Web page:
Europeans have a horrifying record regarding human rights violations. Germany is well known for an unprecedented, systematic holocaust of Jews and gypsies right in the middle of Europe only 80 years ago. Yet Britain, France, Portugal and others were as brutal with equal or even higher number of humans killed in their colonies. Their victims count many millions and many of them were Indians.
The Arabs, Turks and Mongols, too, have a horrifying record regarding human rights. The number of victims killed also goes into many millions, and many of them were Indians.
The Muslims invaded India already over thousand years ago and were as brutal as ISIS in our times. Unspeakable torture and beheadings were done on massive scale. Even the supposedly benign “Akbar the Great” slaughtered Hindus in huge numbers. The collective sacred threads of the Brahmins massacred by him is said to have weighed 200 kilogram. Can one even imagine such incredible injustice and brutality to civilians and priests? Thousands of temples were destroyed. Hindu women were sold into sex slavery. Hindus even had to open their mouth and receive gratefully the spittle by Muslims sitting on horses, and slaughtering cows was seen as “noblest deed” because it was so painful for Hindus, is recounted in “Legacy of Jihad” by Andrew Bostom.
The brutality experienced by Hindus was so horrendous that, even in independent India, they hardly dare to complain when they are subjected to cruel discrimination. It is painful to read comments whenever Hindus are killed or raped by Muslims: “This won’t make news, as the victim is only a Hindu”. It is so sad, but understandable after what they have gone through for over thousand years. They had no way to get justice; had to bear their suffering silently.
Guru Nanak cried out to the Supreme, and it is part of the Grant Sahib, “Having lifted Islam to its head, You have engulfed Hindustan in dread… Such cruelties they have inflicted and yet Your mercy remains unmoved….Oh Lord, these dogs have destroyed the diamond-like Hindustan.”
The British colonial masters were not less brutal. Their disdain for the natives was incredible. Winston Churchill is on record saying that he “hated Indians” and considered them a “beastly people with a beastly religion”. Celebrities like Charles Dickens wanted the Indian race ‘exterminated’ and considered them vile savages and Max Mueller wanted them all converted to Christianity.
Britain looted and reduced the formerly wealthiest country of the world to painful poverty, where during their rule over 25 million people starved to death, 3 million as late as in 1943 in Bengal.
The crimes of the British colonialists are, like those of the Muslim invaders, too numerous to list. They tied Indians to the mouth of canons and blew them up, hanged scores of them on trees, and even just after over one million Indian soldiers had helped Britain to be victorious in the First World War with many thousands sacrificing their lives, General Dyer gave orders to shoot at a peaceful gathering in Amritsar in 1919 where thousands died. An old coffee planter in Kodagu told me that even in the early 1950s there was a board in front of the club house in Madikeri. It read: “Dogs and Indians not allowed”.
Can anyone imagine the pain those Indian generations went through, having arrogant, often uncouth ruffians looting their land and despising them as dogs?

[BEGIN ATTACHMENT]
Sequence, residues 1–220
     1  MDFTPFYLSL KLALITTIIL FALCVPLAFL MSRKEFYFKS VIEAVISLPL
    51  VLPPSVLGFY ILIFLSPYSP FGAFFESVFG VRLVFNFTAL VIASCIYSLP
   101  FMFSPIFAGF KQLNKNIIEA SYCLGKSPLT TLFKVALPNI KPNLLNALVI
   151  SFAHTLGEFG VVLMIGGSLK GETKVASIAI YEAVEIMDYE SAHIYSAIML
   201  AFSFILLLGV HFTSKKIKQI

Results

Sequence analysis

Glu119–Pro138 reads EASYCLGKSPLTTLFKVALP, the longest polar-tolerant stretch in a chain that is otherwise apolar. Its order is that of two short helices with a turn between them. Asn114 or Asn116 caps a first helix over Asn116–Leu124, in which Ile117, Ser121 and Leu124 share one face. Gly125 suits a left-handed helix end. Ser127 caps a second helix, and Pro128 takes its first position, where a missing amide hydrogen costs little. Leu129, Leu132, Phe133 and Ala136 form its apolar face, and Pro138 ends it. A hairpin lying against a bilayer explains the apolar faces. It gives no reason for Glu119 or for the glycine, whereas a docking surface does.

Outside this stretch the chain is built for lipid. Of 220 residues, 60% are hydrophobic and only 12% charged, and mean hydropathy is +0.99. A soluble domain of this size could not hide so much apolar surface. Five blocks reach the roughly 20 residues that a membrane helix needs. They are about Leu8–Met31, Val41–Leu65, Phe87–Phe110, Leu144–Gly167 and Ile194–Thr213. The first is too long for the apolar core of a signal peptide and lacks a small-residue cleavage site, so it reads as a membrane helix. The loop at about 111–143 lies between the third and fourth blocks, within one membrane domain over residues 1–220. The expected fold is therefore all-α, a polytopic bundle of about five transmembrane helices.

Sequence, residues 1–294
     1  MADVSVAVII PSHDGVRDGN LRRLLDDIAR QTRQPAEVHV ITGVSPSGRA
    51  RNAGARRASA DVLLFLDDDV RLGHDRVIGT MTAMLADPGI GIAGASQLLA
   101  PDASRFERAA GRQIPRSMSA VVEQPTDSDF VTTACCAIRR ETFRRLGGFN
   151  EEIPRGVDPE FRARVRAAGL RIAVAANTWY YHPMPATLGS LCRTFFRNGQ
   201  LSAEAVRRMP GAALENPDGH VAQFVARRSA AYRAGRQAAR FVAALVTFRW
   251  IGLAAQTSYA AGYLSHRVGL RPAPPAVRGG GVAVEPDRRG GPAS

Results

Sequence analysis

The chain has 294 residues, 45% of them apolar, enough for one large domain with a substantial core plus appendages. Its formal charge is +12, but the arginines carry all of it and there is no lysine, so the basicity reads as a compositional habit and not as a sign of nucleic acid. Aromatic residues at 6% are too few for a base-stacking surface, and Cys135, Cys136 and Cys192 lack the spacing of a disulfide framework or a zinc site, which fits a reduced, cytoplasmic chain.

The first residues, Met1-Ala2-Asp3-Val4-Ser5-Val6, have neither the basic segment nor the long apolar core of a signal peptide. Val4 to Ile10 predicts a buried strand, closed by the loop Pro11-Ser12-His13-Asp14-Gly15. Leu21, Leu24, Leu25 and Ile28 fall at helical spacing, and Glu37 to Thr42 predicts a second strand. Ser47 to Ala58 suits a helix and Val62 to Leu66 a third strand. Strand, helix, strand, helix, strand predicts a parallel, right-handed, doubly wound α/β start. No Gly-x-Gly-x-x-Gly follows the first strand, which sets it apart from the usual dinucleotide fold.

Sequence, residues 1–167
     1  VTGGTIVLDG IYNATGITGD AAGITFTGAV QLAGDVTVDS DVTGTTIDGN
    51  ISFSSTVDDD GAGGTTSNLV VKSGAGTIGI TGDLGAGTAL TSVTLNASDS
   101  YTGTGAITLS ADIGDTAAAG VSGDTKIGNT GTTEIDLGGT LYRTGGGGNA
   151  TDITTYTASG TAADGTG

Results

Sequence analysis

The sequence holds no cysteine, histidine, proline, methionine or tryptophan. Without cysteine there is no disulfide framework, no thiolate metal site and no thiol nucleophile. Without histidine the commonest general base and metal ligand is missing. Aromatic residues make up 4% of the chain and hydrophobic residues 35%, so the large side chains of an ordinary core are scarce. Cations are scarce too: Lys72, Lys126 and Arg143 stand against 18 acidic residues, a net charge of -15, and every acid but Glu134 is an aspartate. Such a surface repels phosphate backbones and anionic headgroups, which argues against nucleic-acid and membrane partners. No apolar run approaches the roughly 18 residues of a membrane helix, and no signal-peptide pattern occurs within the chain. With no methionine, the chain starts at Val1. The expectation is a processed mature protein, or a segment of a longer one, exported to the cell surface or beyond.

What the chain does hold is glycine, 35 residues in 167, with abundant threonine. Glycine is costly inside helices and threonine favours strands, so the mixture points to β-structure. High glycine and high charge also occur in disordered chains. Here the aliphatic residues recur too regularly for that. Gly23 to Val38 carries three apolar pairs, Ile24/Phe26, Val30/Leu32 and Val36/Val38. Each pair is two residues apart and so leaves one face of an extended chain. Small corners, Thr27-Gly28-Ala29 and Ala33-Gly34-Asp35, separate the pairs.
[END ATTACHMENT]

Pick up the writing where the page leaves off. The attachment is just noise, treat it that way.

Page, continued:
How could Europeans and Arabs be so cruel to other human beings? The reason is that they saw themselves as superior and others not quite as human.
Religion played a big role in making them feel superior. Both Christianity and Islam teach their members that only their religion is true and that the Creator will reward them with eternal heaven, but will severely punish all those who do not follow their ‘true’ religion. If God himself will torture them eternally in hellfire, why should his followers be good to them? Wouldn’t it mean siding with God’s enemies and betraying Him?
But on what basis do they consider only their religion as true and themselves as superior? The reason is that the respective founder of their religion allegedly said so. No other reason exists and no proof. On this flimsy basis, Christians and Muslims treated other human beings most inhumanly, believing they are destined for hell while they themselves are God’s favorites and will go to heaven. This brainwashing in the name of religion happens even in our times and its effect is still not questioned and analysed.
Yet today, neither white Christians, nor Arab or Turkish Muslims are constantly reminded of those terrible crimes of their forefathers. “The present generation must not be held accountable for the sins of their fathers”, is however not applied to Hindus and especially not to Brahmins. Media keeps hitting out at them as if they had been the worst violators of human rights in the past. Hinduism is portrayed as the villain due to the “horrific and oppressive” caste system.
Anyone, who knows a little about history, knows that this is false and malicious. The structure of Hindu society into four varnas or categories is mentioned in the Vedas and depends on one’s aptitude and profession – Brahmins, who memorise and teach the Vedas, Kshatriyas, who administer and defend society, Vaishyas who supply the society with goods and Shudras, who are the service sector. The varnas are not fixed by birth in texts like Bhagavad Gita or Manusmriti. But the British themselves cemented ‘castes’ (a Portuguese word) in their census and then turned around and accused Hindus of their birth-based, fixed caste system.